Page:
As more wineries explore higher altitude, it will be interesting to see if they tout their elevation. Right now, it takes a lot of research and a lot of shopping to find these wines (other than wines made in Argentina). I'm going to search for Colomé, and do some more "research".

17 comments:

  1. Colorado might be worth a shot on your high altitude research as well.

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  2. I have tried a number of Colorado wines (and still have some in my wine cellar). Most are grown around the Grand Junction area, located around 4,500 feet. This area is still developing their wine industry. The wines are very hard to find in California...but, "yes"...this could be an area to watch!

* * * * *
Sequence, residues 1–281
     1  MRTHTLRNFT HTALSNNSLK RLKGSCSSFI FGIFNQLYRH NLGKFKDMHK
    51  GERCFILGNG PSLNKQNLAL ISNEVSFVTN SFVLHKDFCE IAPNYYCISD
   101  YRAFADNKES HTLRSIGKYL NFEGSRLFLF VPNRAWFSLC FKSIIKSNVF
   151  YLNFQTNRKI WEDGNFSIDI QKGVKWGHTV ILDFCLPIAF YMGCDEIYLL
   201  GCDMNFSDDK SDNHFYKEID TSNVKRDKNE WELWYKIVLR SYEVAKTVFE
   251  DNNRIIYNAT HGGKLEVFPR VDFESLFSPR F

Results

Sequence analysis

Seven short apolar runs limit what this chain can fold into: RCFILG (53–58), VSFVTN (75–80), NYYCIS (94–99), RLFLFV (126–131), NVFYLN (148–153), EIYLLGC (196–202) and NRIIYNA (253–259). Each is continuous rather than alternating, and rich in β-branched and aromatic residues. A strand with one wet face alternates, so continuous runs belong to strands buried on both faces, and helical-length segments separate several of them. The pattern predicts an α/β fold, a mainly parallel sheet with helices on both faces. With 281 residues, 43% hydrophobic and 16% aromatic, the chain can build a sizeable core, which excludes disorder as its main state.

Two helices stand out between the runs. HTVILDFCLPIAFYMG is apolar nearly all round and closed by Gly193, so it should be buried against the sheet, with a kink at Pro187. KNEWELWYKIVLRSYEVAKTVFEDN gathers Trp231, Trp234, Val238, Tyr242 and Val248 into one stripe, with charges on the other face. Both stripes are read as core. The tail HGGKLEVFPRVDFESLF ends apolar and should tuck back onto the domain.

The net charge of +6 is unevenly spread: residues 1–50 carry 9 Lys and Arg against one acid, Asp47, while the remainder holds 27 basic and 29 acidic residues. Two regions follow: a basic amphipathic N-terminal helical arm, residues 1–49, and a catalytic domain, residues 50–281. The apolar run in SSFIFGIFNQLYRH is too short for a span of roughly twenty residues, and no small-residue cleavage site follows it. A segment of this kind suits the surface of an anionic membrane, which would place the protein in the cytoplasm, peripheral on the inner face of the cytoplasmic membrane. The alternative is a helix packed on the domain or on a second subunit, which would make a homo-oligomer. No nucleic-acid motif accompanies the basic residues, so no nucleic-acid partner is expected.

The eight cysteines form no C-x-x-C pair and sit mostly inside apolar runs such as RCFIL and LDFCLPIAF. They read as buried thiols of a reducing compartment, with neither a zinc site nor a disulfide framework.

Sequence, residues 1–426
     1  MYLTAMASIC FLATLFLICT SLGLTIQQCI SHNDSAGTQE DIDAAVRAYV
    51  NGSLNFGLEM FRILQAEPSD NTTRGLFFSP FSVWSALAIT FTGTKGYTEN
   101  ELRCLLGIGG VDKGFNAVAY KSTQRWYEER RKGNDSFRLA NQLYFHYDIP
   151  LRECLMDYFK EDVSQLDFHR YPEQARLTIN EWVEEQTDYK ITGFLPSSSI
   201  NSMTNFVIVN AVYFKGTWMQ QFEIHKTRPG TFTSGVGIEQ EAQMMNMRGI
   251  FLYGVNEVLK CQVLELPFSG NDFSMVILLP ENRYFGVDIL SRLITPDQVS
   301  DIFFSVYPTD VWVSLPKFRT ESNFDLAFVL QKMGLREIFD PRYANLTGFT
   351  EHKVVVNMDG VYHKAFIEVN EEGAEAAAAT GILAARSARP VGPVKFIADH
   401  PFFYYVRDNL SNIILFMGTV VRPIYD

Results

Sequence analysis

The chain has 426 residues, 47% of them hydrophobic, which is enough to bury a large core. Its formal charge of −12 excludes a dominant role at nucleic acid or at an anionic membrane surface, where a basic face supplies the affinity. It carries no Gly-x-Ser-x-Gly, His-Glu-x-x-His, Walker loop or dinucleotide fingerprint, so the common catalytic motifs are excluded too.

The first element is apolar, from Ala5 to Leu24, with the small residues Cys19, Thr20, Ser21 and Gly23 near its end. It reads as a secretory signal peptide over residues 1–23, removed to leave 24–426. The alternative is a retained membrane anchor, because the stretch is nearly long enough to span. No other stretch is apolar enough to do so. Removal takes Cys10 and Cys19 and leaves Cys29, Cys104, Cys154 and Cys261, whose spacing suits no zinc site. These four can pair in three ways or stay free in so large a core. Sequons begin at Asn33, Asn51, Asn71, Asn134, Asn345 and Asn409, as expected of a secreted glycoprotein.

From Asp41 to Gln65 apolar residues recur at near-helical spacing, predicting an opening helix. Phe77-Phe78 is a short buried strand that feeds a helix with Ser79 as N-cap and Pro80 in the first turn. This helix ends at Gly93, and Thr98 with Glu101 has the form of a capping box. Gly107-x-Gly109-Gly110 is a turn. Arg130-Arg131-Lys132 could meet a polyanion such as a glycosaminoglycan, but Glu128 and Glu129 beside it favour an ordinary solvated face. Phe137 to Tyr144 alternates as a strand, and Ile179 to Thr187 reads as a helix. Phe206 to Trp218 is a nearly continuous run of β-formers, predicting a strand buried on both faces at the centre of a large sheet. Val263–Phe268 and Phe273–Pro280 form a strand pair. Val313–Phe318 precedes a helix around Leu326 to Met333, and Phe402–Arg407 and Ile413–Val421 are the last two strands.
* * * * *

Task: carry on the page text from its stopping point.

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  3. I have heard of them at 9000 feet in colorado but these Argentine wines at 10,000 take the cake, so it seems.

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  4. Terror Creek is at around 6500 feet above sea level in the west elks AVA in Colorado.

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  5. I just purchased a 9 acre parcel near lake Cuyamaca (Harrison Par to be exact) in San Diego County, altitude 4000 feet. I'm going to plant next year, and I'm still deciding which grape to go with. I haven't found any wines to taste from this region. I know there are good wines made from Nebbiolo grown at this altitude in Italy, so this is one of my candidates. I'm taking a two week trip to Italy in May to do some research Any suggestions?

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    1. There are a few wineries doing Nebbiolo in Central California. The problem is that it is just too hot there. Altitude is one thing, but the microclimate, soil, and aspect of the land will really come into play.